If you are interested in selling an old accordion that has been laying around the house, the first thing to do is to clean it up and make it presentable. Restoring an accordion requires patience and attention to detail. Dirt and grime are two of the biggest problems for an accordion. Carefully cleaning the different parts of the accordion not only helps to restore its original appearance, it also improves the overall sound and tonal qualities.
- Skill level:
- Moderately Challenging
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Things you need
- Household cleaner
- Baking soda
- Cleaning cloth
- Residue remover
- Vacuum cleaner
- Metal polishing/cleaning paste
- Steel wool
- Shoe or leather dye
- Replacement accordion parts
Remove the shoulder straps from the accordion. Some shoulder straps are screwed onto the accordion while other straps snap into place.
Clean the accordion with household cleaner, warm water and a soft cloth. If the plastic is discoloured or stained, then use a mixture of baking soda and water or white toothpaste on the plastic part of the accordion. Remove labels and sticky residue with a spray gel product.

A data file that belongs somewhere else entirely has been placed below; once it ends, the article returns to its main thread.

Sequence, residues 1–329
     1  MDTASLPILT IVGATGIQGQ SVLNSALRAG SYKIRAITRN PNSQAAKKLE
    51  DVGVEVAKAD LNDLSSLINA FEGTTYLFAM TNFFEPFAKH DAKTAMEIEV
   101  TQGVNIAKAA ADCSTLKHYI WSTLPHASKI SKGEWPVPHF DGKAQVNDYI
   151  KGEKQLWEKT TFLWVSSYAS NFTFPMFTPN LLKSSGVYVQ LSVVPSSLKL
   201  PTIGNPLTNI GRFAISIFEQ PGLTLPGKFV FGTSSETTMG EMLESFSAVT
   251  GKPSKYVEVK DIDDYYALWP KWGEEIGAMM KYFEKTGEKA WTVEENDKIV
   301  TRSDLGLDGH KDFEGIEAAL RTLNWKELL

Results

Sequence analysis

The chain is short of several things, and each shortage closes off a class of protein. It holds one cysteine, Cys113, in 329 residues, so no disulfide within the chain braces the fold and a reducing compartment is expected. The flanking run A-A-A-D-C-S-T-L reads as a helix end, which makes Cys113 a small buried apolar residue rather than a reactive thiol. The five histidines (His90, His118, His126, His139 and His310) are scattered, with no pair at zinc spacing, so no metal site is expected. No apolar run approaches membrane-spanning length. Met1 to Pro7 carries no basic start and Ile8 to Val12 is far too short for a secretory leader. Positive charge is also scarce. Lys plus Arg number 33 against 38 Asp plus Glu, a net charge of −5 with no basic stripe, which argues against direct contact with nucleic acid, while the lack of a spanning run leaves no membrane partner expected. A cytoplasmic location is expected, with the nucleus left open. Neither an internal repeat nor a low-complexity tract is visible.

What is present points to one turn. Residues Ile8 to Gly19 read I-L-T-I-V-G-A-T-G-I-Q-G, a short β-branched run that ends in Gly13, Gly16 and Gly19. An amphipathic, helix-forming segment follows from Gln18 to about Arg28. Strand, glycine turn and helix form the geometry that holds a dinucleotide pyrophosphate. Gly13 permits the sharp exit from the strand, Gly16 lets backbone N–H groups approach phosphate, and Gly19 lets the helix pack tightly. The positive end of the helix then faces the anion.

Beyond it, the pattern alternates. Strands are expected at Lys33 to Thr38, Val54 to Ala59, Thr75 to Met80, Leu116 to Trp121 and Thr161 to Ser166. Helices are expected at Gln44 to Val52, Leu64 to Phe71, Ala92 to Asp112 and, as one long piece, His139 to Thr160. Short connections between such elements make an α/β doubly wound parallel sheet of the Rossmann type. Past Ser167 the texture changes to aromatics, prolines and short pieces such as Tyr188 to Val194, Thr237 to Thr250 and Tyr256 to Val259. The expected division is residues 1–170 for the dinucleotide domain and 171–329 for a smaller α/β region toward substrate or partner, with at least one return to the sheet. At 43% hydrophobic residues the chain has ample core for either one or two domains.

Rinse the accordion with fresh water and clean cloths. Wipe the accordion several times until all of the soap residue disappears. Dry the accordion with a towel.
Vacuum the interior of the accordion with a vacuum cleaner and its attachments. Brush the lint out of the accordion with a clean, dry toothbrush.
Clean corroded metal parts of the accordion with a metal polishing or cleaning paste. Metal paste is available at auto parts stores, hardware stores as well as music stores. Follow the instructions and apply the recommended amount. Allow the paste to dry for the recommended amount of time before buffing with a cloth. If the metal is heavily corroded, then sand off the corrosion with light grit sandpaper or steel wool prior to applying the polishing compound.
Repair or replace broken parts on the accordion. The House of Musical Traditions suggests repairing damaged corners or holes with black duct tape and filling in scuff marks with a shoe or leather dye. The House of Musical Traditions provides an online repair page that sells all the necessary replacement parts for an accordion.
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